Gene Barry's Hanbo Cane
When I was a child in the late 1950s, my TV cowboy hero was Bat Masterson. I watched the show every week and never failed to be enthralled. The Bat Masterson show was based on a real character who lived in the old West. Born in 1853 in Quebec, Masterson worked as a US Army Indian fighter, a sports writer, newspaper columnist, and US Marshal. He died in New York City in 1921 at the age of 67.
The TV show featured a somewhat fictionalized Bat Masterson as a gunfighter gambler during his days in Dodge City. Actor Gene Barry played Bat with a look distinctive among TV Westerns in the 1950s. Rather than a dust-blown 10 gallon hat, Bat wore a derby. Rather than a cowboy jacket, Bat wore an elegant silk vest. More often than not when it came to fighting, Gene Barry’s TV Bat Masterson preferred to take out attackers with his gold-topped walking stick cane as opposed to shooting a gun. The TV Bat Masterson was cool, incredibly suave for 1950s television, and… well, real different from all the rest.
Even as a 10 year old, I liked that “real different from all the rest.” In a realm of scruffy, unsophisticated, scuffling barroom brawling cowboys, Bat Masterson had class. Bat knew the finer aspects of living, dining, and dressing well. And yet he was one real tough guy (history claims he killed 6 men in one-on-one gunfights, aside from the Indian wars, though legends have him in lots more gunfights).
I bought a souvenir child’s toy Bat Masterson 3-foot cane and got my start at hanbo fight training with a 4th grade school chum in my backyard. We took turns whacking each other with that cowboy hanbo as the other tried to draw and fire his pistol. I liked that silk brocade vest, too, and wore one for my Halloween costume one year dressed as my favorite TV western star.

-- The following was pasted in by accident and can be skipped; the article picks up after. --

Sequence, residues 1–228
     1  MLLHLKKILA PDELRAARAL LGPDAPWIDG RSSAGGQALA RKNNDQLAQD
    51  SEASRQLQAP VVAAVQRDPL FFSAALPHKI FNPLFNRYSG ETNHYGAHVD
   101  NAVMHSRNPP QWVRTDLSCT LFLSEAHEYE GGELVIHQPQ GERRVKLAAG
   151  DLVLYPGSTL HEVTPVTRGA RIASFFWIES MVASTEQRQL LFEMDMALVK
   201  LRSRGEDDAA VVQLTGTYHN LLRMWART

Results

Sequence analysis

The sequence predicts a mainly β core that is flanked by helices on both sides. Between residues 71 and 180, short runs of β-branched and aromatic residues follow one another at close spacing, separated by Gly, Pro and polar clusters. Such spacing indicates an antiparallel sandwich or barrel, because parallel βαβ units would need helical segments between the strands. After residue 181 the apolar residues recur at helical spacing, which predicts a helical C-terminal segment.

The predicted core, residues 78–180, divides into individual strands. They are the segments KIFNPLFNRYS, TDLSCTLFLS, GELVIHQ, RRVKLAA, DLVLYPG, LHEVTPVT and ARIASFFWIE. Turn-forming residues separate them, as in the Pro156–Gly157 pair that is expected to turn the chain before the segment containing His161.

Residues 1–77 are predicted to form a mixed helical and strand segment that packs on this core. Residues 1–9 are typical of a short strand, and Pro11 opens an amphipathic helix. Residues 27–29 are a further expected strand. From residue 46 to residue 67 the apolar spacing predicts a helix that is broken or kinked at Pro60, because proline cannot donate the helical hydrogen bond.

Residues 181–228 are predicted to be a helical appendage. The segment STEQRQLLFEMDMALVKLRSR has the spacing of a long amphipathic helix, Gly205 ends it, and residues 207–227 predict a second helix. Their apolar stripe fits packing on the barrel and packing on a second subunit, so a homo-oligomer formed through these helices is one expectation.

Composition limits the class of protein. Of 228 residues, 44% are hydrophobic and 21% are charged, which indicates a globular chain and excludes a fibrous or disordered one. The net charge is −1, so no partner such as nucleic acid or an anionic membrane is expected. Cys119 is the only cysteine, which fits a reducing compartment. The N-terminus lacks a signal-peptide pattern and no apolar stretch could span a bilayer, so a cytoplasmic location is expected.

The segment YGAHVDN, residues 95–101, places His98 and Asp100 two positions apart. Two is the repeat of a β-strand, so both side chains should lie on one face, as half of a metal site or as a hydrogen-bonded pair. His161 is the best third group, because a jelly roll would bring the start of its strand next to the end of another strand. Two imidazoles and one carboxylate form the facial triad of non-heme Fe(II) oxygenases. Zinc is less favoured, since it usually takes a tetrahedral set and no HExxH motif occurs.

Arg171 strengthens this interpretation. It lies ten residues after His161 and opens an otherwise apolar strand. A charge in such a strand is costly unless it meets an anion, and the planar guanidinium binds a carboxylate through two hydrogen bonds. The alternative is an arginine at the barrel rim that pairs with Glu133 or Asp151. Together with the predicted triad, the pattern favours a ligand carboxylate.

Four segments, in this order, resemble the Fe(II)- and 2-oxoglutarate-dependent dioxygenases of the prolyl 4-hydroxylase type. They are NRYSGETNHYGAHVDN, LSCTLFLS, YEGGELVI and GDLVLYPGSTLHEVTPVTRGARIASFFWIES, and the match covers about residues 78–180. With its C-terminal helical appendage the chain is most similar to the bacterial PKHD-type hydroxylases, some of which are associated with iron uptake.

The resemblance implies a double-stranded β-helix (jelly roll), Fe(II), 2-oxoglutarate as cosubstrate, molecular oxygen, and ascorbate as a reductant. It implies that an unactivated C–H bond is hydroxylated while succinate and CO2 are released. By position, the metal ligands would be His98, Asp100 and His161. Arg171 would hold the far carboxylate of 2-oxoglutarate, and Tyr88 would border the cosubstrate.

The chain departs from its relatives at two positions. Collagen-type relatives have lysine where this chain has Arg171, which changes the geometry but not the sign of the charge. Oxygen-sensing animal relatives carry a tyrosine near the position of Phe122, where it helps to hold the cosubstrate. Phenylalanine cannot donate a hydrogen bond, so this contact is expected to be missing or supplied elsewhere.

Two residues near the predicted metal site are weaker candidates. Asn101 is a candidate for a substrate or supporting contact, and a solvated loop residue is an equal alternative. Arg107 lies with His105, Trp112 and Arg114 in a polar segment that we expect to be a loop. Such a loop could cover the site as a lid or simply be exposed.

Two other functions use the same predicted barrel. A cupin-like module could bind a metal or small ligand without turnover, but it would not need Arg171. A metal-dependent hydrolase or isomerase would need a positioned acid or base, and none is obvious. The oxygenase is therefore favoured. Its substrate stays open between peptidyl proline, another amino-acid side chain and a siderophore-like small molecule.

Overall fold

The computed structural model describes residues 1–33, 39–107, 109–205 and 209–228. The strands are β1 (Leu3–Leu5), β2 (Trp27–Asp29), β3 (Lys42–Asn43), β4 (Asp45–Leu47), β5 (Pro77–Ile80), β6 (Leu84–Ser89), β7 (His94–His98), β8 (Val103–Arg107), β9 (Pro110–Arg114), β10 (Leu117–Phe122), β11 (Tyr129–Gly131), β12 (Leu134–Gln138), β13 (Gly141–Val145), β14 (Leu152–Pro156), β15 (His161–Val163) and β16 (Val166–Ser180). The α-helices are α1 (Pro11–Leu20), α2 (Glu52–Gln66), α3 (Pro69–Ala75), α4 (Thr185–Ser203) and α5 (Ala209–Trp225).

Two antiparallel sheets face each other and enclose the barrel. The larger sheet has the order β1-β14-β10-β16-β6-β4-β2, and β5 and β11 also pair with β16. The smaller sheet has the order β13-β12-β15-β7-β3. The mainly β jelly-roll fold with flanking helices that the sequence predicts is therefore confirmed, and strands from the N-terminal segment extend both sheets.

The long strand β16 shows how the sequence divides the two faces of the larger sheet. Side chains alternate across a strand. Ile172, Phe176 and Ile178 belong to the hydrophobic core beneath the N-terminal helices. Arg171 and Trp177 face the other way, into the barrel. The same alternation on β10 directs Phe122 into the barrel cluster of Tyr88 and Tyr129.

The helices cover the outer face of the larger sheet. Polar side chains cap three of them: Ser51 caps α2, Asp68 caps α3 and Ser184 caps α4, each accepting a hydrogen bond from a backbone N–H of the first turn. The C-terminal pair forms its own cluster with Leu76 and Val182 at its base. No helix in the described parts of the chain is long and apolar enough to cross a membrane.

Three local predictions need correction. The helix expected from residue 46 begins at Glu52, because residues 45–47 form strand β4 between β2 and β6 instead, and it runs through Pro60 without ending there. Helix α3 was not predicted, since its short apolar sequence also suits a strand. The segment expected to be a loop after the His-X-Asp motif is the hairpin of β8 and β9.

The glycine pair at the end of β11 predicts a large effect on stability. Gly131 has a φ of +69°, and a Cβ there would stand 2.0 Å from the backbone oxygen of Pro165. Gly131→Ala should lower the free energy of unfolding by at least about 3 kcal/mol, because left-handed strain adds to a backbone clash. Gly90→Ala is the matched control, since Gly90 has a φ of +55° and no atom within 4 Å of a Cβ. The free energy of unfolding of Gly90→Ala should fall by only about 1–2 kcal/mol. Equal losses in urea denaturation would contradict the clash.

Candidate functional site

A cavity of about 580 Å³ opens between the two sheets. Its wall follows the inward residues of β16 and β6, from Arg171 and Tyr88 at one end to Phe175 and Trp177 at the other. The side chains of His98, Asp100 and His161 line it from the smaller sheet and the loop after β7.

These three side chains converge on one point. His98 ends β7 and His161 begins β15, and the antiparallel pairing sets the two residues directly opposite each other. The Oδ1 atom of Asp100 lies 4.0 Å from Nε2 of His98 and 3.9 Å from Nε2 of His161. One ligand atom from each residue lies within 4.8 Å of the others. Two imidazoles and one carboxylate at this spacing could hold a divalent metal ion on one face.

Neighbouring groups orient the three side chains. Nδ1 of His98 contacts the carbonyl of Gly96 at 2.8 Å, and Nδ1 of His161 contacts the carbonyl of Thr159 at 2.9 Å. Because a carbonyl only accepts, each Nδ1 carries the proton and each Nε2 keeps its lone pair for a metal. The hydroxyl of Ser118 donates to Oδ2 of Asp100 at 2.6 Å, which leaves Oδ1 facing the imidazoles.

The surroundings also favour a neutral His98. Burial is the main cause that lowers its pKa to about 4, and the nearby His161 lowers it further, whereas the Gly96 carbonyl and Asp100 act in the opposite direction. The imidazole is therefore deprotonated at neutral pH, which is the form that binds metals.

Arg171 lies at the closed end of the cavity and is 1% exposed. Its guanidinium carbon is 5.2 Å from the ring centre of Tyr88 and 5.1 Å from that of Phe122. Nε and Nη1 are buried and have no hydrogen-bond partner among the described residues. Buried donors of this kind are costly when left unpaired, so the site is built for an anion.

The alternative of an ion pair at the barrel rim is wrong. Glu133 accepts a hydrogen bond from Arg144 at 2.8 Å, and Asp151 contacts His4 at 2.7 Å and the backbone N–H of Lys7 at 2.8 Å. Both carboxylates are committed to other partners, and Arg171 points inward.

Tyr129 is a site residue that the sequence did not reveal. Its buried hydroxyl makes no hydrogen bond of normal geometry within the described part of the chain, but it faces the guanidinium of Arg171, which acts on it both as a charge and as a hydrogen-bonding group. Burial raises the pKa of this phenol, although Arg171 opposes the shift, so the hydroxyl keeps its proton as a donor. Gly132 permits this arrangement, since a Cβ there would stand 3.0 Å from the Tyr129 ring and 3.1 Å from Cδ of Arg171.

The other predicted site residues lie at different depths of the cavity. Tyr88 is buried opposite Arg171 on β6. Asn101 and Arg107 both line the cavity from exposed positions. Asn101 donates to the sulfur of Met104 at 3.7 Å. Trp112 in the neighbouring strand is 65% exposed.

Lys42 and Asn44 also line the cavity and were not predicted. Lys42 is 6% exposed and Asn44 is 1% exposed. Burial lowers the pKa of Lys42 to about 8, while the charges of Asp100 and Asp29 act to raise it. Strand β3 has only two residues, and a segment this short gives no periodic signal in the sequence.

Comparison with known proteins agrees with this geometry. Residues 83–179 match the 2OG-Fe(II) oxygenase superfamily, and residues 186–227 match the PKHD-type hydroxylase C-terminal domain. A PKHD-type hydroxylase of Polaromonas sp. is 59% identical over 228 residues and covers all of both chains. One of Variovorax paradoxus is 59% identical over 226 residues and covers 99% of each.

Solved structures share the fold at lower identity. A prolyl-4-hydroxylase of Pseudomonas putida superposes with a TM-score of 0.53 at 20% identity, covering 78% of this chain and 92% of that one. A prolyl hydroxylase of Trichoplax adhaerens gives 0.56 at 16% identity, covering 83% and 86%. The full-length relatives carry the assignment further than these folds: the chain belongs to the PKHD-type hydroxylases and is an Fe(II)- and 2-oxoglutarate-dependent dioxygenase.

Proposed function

I still really like different, fifty years after watching Gene Barry’s Bat Masterson on TV. In a martial arts world full of crass scufflers, I want there to be room for a cool but deadly gentleman combatant. In a pay per view realm of screaming profanity, I want there to be a place for a poetically spoken ultimate warrior.
After hanging up the cane weapon and brocade vest, Barry went on to a new TV series where he played police captain Amos Burke who instead of wearing blue serge and driving a cruiser with siren and dome light, travelled in custom tailored suits to crime scenes in a Rolls-Royce. I instantly became a fan of the show Burke’s Law. I couldn’t help it. I really do enjoy “different”.
Actor Gene Barry died peacefully at 90 years old last week.
I still have my hanbo and gold brocade vest and my car – in newer form – maybe just a little bit because Gene Barry’s elegant fighters so impressed me on the small screen of my youth. I salute the wonderful actor for his iconoclast roles that defied a cookie-cutter conformity on an older generation’s TV, and helped prepare me to see that wild possibilities sometimes open up for the bold of spirit.
Very heartfelt and real post. Thanks for giving us this glimpse into your life.
Btw, I have studied in the BJK for a few years now, but I recently got your DVDs. You are an excellent teacher. You were one of my first introductions into ninjutsu, I should have known that you are still the best. Other than Hatsumi-san, of course. 🙂
On a different note, I always wondered why there were so many offshoots from Bujinkan, and ex-students founding their own schools. But now I personally wonder if Hatsumi actually intended it. Very similar to San Shin method, no? …In any case it is good to have different points of view.